The initial stage of REBT is to recognize the irrational ideas, feelings, and beliefs that contribute to stress. When a person holds themselves to a high or nearly impossible  standard, practically any circumstance might result in disappointment, regret, guilt, and anxiety. Even when the patient has recognized the issue that is creating these thoughts, altering the ideas can be extremely difficult. REBT uses cognitive therapy methods in order to help the patient respond more positively to difficult situations, and their idea of themselves.


Due to the social support system that group therapy provides, it is an effective form of OCD treatment. Much of the patient’s difficulty with OCD is due to their sense of isolation as a result of their disease. Group therapy teaches the patient that they are not alone in their struggles and that other people understand. The group members help each other with new coping strategies. By participating in group therapy, patients may get inspiration and motivation from their peers.


Cognitive Behavioral Therapy (CBT) for OCD teaches the patient that their brain is creating false information, which results in their irrational behavior. CBT teaches the patient to identify and respond to these messages in new ways, rather than via obsessive thoughts and compulsive behavior. CBT is an effective treatment that helps a patient to develop the ability to regulate obsessive and compulsive behaviors.


Psychoeducation is intended to assist patients in understanding their mental illness. If the patient is educated on their mental illness, the challenges they face, and how they can manage symptoms, they are better equipped to complete treatment. Psychoeducational therapy enables people with OCD to confront their challenges and gain a sense of control over their illness.


Some types of medication may be used in obsessive compulsive disorder treatment. The most commonly prescribed medication for OCD are antidepressants. If the patient does not respond well to antidepressants or needs help with other symptoms, they may be prescribed alternative types of medication, such as benzodiazepines for anxiety.


ERP is a type of cognitive-behavioral therapy. As implied by the term, the therapist may progressively expose the patient to objects that cause them anxiety. After responding naturally to certain triggers, patients are taught new ways to respond to them. ERP can be administered one-on-one or in group treatment with other people who struggle with OCD.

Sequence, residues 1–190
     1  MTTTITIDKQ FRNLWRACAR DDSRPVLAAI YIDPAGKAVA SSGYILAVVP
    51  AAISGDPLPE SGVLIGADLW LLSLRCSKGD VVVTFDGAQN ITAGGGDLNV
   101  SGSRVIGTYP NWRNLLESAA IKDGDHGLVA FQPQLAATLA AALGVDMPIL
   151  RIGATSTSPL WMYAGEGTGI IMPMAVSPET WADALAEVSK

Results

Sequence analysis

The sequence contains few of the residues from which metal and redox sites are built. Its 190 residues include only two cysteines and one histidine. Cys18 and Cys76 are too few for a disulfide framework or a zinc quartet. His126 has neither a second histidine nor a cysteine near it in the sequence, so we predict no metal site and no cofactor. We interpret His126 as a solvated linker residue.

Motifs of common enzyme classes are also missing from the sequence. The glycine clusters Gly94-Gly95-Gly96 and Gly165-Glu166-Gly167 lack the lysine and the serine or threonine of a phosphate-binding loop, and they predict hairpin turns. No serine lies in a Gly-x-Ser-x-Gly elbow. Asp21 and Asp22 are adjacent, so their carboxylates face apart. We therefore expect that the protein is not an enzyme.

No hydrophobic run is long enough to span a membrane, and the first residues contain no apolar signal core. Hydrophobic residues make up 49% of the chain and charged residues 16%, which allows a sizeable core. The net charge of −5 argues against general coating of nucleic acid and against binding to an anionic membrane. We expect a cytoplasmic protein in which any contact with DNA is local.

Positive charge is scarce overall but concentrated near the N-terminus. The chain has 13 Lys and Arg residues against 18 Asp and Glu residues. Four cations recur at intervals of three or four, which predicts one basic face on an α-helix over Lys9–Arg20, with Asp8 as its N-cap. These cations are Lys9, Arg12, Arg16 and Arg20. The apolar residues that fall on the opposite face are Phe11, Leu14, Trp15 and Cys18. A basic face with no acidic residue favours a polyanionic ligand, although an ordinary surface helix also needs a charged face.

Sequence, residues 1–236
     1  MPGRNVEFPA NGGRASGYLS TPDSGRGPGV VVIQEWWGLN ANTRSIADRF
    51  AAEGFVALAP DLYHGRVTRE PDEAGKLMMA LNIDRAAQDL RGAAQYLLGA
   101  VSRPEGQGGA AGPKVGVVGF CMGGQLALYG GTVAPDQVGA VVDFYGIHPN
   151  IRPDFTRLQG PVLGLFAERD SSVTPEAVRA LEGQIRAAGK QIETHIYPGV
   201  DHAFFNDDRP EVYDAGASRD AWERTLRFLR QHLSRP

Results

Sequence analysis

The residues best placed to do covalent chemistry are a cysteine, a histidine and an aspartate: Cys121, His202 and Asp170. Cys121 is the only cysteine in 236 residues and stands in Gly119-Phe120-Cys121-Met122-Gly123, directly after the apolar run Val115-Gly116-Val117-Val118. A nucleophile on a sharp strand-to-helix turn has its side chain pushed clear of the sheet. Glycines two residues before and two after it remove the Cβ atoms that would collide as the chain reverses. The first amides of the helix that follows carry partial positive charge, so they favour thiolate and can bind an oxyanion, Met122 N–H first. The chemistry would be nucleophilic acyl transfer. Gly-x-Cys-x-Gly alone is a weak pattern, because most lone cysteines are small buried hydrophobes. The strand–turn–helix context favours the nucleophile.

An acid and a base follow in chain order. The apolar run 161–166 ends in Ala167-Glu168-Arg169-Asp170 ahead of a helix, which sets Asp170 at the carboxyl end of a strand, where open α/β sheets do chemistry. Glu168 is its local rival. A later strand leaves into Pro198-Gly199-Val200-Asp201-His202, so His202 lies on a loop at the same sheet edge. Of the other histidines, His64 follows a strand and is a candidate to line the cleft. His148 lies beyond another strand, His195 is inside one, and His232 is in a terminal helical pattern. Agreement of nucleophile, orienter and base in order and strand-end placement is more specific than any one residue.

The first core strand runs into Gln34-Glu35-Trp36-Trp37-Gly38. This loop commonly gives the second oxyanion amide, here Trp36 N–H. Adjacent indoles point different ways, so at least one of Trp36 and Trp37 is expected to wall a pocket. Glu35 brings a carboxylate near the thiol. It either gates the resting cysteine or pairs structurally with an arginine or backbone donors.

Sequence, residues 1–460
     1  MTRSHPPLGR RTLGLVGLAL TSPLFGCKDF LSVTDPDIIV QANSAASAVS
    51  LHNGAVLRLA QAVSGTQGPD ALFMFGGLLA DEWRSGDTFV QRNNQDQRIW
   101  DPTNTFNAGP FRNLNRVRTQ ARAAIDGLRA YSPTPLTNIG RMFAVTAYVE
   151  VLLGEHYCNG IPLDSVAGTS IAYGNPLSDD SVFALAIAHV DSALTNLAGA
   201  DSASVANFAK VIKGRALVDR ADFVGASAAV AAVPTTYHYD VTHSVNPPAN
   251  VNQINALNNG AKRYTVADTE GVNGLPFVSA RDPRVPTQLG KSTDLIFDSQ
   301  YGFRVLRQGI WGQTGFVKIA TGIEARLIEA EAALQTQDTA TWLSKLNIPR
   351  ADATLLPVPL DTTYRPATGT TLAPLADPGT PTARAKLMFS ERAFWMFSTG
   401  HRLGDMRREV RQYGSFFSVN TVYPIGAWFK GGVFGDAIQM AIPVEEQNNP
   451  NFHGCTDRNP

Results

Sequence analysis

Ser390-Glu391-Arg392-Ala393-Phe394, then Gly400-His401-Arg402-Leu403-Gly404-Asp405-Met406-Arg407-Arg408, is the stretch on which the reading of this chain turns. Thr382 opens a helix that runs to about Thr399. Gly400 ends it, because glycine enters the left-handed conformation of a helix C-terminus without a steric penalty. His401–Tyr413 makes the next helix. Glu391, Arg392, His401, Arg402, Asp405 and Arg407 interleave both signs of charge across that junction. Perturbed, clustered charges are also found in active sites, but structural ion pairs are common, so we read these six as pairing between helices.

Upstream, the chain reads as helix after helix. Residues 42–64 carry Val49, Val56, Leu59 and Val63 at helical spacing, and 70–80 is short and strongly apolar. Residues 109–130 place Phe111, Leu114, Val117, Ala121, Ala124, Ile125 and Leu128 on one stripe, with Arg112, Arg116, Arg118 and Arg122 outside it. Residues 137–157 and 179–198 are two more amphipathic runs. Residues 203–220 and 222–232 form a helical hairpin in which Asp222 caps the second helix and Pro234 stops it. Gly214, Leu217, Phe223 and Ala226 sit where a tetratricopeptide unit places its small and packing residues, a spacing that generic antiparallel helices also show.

It is common for someone with OCD to abuse drugs or alcohol. They may feel isolated due to their fear of leaving the house, which can lead them to drink and soothe their loneliness. They can also abuse sleeping tablets and benzodiazepines, to calm their anxiety symptoms. This drug and alcohol misuse can quickly lead to addiction. A person with OCD must seek help for their drug or alcohol addiction before they try to treat their OCD. Often, inpatient treatment is required.

As part of the intensive residential treatment program, the patient will undergo medical detox in order to wean themselves entirely off the substance they are addicted to. Once the patient has been weaned off the substance, they can begin intensive treatment. As part of the residential program, the patient will undergo therapy in a supportive environment that addresses both their addiction and OCD.


If you or a loved one have obsessive compulsive disorder or suspect that you are suffering from some form of mental illness, we can help. Psyclarity Health has some of the best OCD treatment centers in the country.

At each Psyclarity Health facility, our multidisciplinary team of experts is able to create individualized treatment plans that will help you manage your OCD symptoms and any co-occurring disorders. We also specialize in treating a range of mental health and mood disorders.
Contact us today to learn more about our comprehensive, cutting-edge treatment programs and let us help you find the right Psyclarity Health OCD treatment center near you.